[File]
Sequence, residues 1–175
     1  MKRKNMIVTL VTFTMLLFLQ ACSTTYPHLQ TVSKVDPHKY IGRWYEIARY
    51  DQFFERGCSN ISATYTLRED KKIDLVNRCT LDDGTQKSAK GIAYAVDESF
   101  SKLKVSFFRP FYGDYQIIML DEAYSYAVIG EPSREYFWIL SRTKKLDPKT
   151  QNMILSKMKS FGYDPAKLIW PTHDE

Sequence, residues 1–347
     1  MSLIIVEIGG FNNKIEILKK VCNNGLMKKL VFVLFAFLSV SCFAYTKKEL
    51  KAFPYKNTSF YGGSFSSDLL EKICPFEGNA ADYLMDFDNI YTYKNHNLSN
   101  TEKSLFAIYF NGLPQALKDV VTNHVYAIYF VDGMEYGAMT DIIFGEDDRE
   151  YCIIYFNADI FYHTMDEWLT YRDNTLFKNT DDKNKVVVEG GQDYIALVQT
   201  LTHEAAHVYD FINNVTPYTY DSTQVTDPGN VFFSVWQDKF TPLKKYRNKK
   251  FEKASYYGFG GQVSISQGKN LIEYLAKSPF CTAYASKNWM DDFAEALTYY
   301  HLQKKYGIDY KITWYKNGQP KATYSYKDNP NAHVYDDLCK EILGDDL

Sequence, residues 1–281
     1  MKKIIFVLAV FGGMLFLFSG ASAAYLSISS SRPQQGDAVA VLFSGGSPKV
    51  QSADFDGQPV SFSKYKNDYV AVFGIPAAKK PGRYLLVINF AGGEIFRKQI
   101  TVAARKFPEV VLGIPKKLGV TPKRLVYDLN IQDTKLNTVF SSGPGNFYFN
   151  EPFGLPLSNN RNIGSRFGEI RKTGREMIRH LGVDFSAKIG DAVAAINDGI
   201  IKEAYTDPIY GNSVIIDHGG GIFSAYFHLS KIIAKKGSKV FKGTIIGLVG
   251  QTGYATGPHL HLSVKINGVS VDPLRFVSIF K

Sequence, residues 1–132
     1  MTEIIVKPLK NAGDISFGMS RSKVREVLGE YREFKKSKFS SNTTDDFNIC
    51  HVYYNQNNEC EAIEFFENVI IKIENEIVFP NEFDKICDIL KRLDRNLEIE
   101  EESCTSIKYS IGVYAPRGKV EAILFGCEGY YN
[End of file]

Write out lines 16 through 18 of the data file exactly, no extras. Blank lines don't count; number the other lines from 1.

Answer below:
    51  QSADFDGQPV SFSKYKNDYV AVFGIPAAKK PGRYLLVINF AGGEIFRKQI
   101  TVAARKFPEV VLGIPKKLGV TPKRLVYDLN IQDTKLNTVF SSGPGNFYFN
   151  EPFGLPLSNN RNIGSRFGEI RKTGREMIRH LGVDFSAKIG DAVAAINDGI